withdrawals by depositors merely to take
advantage of sharp rises in interest rates.
Data available on penalty income associated with premature withdrawals suggest
that, while early withdrawals responded to
increases in interest rates, the volume of
withdrawals in the aggregate never represented a large fraction of total smalldenomination time deposits. Minimum
early withdrawal penalties also may have

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minimum penalties apply only to time
deposits issued on or after October 1, 1983.
For time deposits with maturities of 7 to 32
days, the regulations concerning early withdrawal were not changed.

been successful to a certain extent in enforcing the interest-rate ceiling differentials.
However, evaluating the impact of withdrawal penalties in this regard is difficult
because incentives to circumvent ceilings
were dampened by regulatory changes that
permitted depository institutions to pay
"market rates" on short-term deposits.

The effects of lowering the minimum earlywithdrawal penalties are illustrated in the
charts. They show "break-even" yields for
time deposits with original nominal yields of
1 0 percent under the new and old penalty
rules. A "break-even" yield represents the
annualized nominal interest rate necessary
on an alternative instrument with a maturity
equal to that remaining on the deposit withdrawn to compensate the depositor for the
penalty incurred. These figures do not take
into account that the tax-laws allow the
penalties to be deducted from taxable
income. This tax advantage would reduce
the break-even yields under both sets of
withdrawal penalties in relation to an
individual's marginal tax rate.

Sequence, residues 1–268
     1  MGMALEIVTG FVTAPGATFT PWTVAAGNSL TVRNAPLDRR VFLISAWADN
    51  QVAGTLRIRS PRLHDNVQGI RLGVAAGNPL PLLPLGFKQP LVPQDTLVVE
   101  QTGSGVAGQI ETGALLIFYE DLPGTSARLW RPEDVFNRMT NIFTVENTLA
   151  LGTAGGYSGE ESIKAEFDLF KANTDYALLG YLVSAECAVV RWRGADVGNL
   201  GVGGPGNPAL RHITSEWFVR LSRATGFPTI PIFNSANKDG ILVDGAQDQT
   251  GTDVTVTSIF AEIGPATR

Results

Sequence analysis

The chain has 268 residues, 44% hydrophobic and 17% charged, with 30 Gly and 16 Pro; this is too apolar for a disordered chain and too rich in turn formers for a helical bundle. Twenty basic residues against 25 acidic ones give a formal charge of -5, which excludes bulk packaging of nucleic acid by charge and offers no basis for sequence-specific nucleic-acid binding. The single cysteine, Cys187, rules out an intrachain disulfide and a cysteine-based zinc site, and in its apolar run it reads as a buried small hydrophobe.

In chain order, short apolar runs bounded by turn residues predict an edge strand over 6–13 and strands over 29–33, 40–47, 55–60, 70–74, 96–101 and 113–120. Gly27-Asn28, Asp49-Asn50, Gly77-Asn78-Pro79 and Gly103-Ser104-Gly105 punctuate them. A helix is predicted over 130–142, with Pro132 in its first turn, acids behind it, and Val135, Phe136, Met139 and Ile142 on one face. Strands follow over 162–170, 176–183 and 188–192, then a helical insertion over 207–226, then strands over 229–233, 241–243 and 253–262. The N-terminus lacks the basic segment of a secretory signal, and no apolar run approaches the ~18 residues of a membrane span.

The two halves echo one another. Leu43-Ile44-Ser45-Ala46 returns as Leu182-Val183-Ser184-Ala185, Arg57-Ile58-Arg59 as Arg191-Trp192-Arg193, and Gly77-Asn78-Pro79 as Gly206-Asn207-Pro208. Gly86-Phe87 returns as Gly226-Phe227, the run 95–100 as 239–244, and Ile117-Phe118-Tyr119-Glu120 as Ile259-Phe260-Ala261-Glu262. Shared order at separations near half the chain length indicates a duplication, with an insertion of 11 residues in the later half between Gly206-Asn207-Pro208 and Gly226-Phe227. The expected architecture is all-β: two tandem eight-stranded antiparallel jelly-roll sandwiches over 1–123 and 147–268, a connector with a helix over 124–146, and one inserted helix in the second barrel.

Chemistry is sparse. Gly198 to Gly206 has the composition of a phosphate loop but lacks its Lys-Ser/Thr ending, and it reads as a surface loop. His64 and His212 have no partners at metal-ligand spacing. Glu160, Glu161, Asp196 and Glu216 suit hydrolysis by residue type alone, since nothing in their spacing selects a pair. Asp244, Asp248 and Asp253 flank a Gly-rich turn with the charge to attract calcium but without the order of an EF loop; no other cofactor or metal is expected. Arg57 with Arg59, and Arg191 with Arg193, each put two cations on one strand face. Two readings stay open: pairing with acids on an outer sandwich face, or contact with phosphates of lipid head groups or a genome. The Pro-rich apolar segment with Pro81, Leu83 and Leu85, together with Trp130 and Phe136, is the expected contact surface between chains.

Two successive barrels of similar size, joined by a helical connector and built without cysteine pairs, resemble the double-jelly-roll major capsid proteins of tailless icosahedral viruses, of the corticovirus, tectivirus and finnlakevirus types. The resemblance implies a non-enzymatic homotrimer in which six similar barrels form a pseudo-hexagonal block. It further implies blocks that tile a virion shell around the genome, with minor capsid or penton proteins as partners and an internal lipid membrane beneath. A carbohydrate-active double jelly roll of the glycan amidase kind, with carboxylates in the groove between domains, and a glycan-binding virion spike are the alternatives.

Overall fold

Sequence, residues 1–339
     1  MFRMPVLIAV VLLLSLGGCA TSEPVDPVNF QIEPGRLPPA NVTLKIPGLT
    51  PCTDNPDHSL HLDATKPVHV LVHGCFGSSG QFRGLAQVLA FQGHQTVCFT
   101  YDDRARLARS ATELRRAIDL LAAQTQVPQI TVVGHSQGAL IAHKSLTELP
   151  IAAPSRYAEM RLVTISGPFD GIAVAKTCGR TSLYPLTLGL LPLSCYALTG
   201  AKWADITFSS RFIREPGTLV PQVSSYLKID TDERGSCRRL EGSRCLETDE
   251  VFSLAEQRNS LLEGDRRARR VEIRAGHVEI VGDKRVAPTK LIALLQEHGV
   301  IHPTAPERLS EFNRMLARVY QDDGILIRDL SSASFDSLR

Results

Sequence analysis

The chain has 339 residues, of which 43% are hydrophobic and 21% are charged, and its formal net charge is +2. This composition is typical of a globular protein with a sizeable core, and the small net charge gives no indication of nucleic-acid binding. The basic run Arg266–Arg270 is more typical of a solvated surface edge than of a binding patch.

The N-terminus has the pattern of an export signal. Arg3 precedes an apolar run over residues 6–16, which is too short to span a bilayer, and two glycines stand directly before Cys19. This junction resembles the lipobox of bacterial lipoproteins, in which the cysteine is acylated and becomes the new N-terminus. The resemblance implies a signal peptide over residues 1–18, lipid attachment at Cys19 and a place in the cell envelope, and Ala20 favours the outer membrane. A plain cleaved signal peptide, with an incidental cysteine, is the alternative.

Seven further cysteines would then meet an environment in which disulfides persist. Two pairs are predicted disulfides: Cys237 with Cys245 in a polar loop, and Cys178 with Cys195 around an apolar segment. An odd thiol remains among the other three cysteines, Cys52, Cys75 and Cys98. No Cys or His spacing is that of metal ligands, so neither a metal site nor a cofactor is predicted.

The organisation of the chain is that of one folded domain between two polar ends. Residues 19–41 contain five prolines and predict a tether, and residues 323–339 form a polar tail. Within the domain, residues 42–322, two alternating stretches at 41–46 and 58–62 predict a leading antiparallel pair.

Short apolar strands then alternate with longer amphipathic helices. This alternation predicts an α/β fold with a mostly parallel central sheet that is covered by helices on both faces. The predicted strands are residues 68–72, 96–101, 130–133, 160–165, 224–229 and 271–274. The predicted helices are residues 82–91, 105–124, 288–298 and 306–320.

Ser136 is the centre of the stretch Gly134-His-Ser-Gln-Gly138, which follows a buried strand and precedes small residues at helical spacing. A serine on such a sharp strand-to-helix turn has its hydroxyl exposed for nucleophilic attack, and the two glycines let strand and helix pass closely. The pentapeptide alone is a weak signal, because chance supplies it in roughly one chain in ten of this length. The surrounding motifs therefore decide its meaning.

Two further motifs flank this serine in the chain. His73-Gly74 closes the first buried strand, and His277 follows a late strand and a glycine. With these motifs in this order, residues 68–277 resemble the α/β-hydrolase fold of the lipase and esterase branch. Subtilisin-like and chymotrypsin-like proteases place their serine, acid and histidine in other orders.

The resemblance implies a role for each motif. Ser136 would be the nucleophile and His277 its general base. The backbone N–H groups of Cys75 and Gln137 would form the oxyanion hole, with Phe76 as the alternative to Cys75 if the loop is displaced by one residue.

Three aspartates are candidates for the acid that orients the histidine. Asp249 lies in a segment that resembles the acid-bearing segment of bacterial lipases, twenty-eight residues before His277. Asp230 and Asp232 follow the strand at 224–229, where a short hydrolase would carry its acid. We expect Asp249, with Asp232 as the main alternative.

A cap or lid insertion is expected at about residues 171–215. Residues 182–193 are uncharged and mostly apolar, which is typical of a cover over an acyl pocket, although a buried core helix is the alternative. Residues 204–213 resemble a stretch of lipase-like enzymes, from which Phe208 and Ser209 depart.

However well regulatory minimum withdrawal penalties performed in the past, they
are not likely to be particularly useful in the
future. On October 1, 1983, the deregulation of interest rates on deposits neared
completion when the Depository Institutions Deregulation Committee lifted rate
ceilings on time deposits with maturities of
32 days to 2% years. The only remaining
"rateceilings for non-transaction accounts
are those on passbook savings and time
deposits in denominations of less than
$2,500 and with maturities of 7 to 32 days.
Obviously, once these ceilings are gone,
regulatory early withdrawal penalties will
not be needed to enforce the ceiling-rate
structure.

The charts show that the new minimum
penalties do much less to deter early withdrawals than did the old ones. As can be
seen in Panel A, for al O percent, 11-month
time deposit that already has been held for 3
months, the interest rate on a time deposit
account (or other interest-bearing instrument with the appropriate 8-month maturity) would have to be only about 11.2 percent, or 1.2 percentage points higher, for a
depositor to be compensated forterminating
the existing account and establishing a new
one under the current minimum penalty.
Given the same set of circumstances, the
minimum withdrawal penalty effective
before October 1 would have required the
interest rate differential on the new and old
deposit accounts to have been three times
larger, or 3.7 percentage points higher,
before a depositor could have taken advantage of the higher yields.

In addition, since the move to deregulate
deposits reflects in part the desire of the